California employers should continue to benefit from lower workers’ compensation rates through 2020, but a significant increase in COVID-19 and Post Termination claims could reverse the downward rate trend of the past five years, according to Marsh & McLennan’s analysis of The Workers' Compensation Insurance Rating Bureau of California’s (WCIRB) 2020 State Of The System report.
The rate-setting body for workers’ comp rates in California, WCIRB said 2020 premiums are forecast at an eight-year low, more than 30% below their 2016 peak. However, the sharp decrease in employment projected for 2020 and continued decline in insurer rates will contribute to a large decrease in overall premiums for 2020, thus setting the stage for future rate increases as soon as 2021.
Although the number and severity of COVID-19 claims have been lower than initially expected, the WCIRB said the high-range estimate for 2020 workers’ comp claims was a 44% increase – 23% from post-termination cumulative trauma and 21% resulting from Governor Gavin Newsom’s Executive Order on May 6 regarding workers’ comp. The WCIRB’s mid-range estimate forecasts a 25% increase in claims.
The Governor’s Executive Order created a rebuttable presumption that any employee diagnosed with COVID-19 from March 17 to July 5, who had worked at the workplace at the direction of their employer, was presumed to have contracted the disease on the job. With the expiration of the Executive Order on July 5, the rebuttal presumption language will cease to be effective on July 19, 2020. Post-July 5 COVID claims are again be settled under previous workers’ comp rules.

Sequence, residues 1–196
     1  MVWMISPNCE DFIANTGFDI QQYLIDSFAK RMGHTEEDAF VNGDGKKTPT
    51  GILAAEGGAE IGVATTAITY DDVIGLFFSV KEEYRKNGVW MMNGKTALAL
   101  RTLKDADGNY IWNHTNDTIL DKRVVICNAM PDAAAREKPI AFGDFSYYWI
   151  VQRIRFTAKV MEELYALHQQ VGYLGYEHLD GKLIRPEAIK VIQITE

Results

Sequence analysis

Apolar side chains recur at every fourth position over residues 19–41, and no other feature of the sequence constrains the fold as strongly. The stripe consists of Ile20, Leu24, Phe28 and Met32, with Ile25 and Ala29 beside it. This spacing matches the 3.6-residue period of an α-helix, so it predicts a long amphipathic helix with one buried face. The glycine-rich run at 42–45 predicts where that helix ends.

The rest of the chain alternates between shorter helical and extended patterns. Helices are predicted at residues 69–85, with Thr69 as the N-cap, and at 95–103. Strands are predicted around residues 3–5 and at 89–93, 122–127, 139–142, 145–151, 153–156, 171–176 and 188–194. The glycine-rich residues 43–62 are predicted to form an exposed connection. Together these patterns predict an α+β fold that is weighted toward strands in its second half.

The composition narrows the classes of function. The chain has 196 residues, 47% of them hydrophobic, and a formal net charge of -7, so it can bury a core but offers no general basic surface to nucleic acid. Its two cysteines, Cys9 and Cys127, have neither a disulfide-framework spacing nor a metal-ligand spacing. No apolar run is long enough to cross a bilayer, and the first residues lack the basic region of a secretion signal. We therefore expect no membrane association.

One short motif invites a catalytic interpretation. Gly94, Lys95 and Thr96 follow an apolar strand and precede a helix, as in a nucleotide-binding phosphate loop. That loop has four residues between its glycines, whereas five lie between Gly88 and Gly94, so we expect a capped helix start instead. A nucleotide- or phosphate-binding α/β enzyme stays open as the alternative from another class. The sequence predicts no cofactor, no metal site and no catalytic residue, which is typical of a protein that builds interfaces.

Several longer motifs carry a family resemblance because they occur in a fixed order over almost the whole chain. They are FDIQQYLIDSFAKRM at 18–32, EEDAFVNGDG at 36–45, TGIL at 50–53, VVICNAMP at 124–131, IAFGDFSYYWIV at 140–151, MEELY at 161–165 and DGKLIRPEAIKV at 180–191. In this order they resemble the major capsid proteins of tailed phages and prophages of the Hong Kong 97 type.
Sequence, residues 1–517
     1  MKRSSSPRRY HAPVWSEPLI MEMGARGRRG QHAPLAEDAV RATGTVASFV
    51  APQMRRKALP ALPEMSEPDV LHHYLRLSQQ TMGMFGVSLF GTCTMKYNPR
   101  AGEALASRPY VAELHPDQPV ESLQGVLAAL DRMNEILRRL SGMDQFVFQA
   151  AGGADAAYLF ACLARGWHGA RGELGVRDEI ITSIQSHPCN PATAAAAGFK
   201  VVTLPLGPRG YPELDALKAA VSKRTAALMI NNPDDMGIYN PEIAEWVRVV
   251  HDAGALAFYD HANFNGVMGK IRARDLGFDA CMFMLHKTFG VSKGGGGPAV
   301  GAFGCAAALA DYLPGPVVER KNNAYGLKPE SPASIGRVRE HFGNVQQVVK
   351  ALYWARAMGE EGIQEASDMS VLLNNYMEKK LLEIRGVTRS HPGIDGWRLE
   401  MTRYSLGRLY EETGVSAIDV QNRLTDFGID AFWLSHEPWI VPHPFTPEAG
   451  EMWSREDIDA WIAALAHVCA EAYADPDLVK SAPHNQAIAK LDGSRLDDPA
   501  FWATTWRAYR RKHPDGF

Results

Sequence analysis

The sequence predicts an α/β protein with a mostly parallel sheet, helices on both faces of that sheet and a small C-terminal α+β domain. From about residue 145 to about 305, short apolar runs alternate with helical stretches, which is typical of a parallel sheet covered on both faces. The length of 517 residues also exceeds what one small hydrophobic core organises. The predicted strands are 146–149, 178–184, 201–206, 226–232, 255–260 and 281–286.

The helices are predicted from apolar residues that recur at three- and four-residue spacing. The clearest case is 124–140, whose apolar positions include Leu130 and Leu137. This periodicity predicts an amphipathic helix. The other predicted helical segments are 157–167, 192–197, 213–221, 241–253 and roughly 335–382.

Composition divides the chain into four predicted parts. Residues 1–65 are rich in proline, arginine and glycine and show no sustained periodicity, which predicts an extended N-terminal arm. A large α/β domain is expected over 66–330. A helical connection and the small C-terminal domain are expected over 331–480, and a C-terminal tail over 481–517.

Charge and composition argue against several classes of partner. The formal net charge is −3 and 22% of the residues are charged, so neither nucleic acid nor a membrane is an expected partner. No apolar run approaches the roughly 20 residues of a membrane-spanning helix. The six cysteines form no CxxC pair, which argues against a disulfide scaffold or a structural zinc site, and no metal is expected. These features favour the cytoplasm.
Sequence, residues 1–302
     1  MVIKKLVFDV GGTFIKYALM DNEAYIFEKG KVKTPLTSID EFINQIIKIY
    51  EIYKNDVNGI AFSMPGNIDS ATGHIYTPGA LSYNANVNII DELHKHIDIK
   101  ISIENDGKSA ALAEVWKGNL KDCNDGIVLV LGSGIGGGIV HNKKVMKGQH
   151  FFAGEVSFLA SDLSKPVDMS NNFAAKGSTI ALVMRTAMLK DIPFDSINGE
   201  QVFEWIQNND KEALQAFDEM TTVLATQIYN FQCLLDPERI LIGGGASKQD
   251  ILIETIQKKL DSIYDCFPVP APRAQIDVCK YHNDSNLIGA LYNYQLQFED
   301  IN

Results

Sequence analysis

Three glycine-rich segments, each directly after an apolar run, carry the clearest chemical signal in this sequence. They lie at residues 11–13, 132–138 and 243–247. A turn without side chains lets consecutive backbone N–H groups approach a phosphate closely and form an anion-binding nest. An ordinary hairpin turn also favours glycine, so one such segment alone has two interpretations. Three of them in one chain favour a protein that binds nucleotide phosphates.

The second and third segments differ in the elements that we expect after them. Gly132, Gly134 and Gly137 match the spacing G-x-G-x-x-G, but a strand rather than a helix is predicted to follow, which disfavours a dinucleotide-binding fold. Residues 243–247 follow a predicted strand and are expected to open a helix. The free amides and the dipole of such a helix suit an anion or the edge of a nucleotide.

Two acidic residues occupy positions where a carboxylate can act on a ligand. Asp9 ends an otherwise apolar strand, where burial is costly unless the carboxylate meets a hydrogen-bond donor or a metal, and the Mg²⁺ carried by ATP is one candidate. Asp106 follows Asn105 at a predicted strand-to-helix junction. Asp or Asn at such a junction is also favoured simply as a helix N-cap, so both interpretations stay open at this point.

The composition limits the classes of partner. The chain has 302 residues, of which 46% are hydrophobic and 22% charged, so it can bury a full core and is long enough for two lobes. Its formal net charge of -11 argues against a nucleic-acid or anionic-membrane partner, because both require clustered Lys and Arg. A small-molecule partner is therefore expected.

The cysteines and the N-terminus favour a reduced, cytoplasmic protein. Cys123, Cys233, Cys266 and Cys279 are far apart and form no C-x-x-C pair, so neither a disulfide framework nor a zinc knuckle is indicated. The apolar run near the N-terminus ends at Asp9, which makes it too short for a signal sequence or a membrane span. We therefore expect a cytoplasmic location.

To see the WCIRB’s full report, click here.
- Watch for additional legislative action from Sacramento. Although the presumption expired on July 5, 2020, California Legislature is currently addressing three bills that could potentially extend the order. SB1159 aims to backdate the bill to cover claims filed after July 5 for an employee. We will continue to monitor legislative updates. In the interim, new COVID-19 claims will again be settled under previous workers’ compensation rules.
- Precise record-keeping is more critical than ever. Many workers have been re-assigned to clerical and other job classifications that are effectively lower risk. Employers need to document that change to show proof of reclassification and benefit from lower rates.
- Check on your mid-term workers’ comp refund. On April 13, 2020, California Insurance Commissioner Ricardo Lara issued an order prompting an initial refund for the months of March and April to all adversely impacted California policyholders. Insurers may comply with the premium refund order by providing a premium credit, reduction, return of premium, or other appropriate adjustment. Many insurers have not yet issued those refunds, but all adversely impacted employers are still entitled to them under the order. The refund from insurers is due no later than 120 days from the April 13 order.
- Work with your broker to review your Experience Modification. COVID-19 claims under the Governor’s Executive Order need to be excluded from the Experience Modification calculation. We’ve seen instances when COVID-related claims were included in the Experience Modification, which is the basis for higher rates for employers.
MMA is Here to Help
The Marsh & McLennan Agency team has extensive resources and experience to assist you. Please feel free to reach out if you have questions. More information and ongoing updates are available at Marsh & McLennan Agency’s COVID-19 Resource Center.